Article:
the college-level program sustainable.
2-2:20 p.m. Radiation Equilibrium in Bohr’s Atom,
and the Nucleus Radius
Contributed – Vic Dannon, Gauge Institute, Minneapolis, MN 55414-1192;
applying three algorithms used by EDM for teaching different physics
concepts applied to in-vivo experiments. These algorithms are: decision
tree, rule induction, and fuzzy rule induction. The in-vivo experiments
correspond to different active learning methodologies derived from re-
search master degree thesis in the Physics Education Research Department
from the Applied Science and Advance Technology Research Center of the
National Polytechnic Institute in Mexico.
Session GB: A Potpourri of Physics
and Physics Teaching Ideas
Location: STSS 330
Sponsor: AAPT
Date: Wednesday, July 30
Time: 1–2:30 p.m.
Presider: Melissa Vigil
1-1:10 p.m. Using PhET Simulations to Enhance Science
Inquiry with Elementary Students
Contributed – David R. Henry, SUNY Buffalo State, 358 Crosby Ave., Buffalo,
NY 14217;
Chris Shively, SUNY Buffalo State
The authors of National Science Education Standards and the Next Genera-
tion of Science Standards (NGSS) have called for students to engage with
experiences that promote scientific inquiry. The documents emphasize
the use of technology to help students collect, organize, analyze, interpret,
present and debate data in ways similar to scientists, but technology can
be expensive. To achieve this goal with little funding, teachers can use the
Physics Education Technology (PhET) simulations, designed at the Univer-
sity of Colorado, in conjunction with inexpensive hands-on materials to do
powerful science inquiry. The simulations permit students to see invisible
phenomena and enable them to build conceptual models of phenomena
such as buoyancy, energy, conductivity, and gravity. Students can use the
simulations to apply the science and engineering practices called for in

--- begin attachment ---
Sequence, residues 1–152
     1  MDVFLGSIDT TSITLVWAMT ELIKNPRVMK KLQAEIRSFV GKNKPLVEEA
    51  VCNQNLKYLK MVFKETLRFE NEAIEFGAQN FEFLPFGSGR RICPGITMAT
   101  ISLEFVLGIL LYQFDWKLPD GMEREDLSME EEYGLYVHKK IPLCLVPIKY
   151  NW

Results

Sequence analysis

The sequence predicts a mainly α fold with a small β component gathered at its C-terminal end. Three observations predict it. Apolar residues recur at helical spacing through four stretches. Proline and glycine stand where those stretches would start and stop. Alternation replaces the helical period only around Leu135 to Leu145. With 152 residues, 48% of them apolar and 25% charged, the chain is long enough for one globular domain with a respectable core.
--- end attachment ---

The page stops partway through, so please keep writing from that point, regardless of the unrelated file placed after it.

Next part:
the NGSS. We will present inquiry activities appropriate for elementary
students in two areas, Buoyancy and Electricity.
1:10-1:20 p.m. Exploration of Talent-Specific Teaching
Strategy in Elementary Science Lessons
Contributed – Youngseok Jhun, Seoul National University of Education,
Seocho Gu Seocho dong 1650, Seoul, 137-742 Korea; youngseok.jhun@
Hana Jung, Seoul National University of Education
Science classes are usually conducted by written and spoken language with
a logical and mathematical approach, but there are some students who lag
behind in developing verbal linguistic and logical mathematical intelli-
gence especially low grade classrooms. It can be difficult for them to keep
up with the classes. As students experience continuous failure in science,
they will become chronically lethargic and have low self esteem. It will also
increase the chances of breakdowns, creating a vicious cycle -- students’
little concentration from their failure can turn into more serious failure.
In this study, we are to find solutions for this situation using teaching and
learning strategies to help all students achieve their goals and feel interest
in science lessons even if they are not good at verbal or mathematical
skills. To achieve our goal, we observed the students’ activities in low grade
classes to find out how the students are different in intelligent development.
We derived the strategy to stimulate each student’s various talents and use
them in learning science. We’d like to share our findings in the procedure
of the research.
1:20-1:30 p.m. The Propagation of Peer Instruction: A
Case Study*
Contributed – Raina M. Khatri, Western Michigan University, Kalamazoo, MI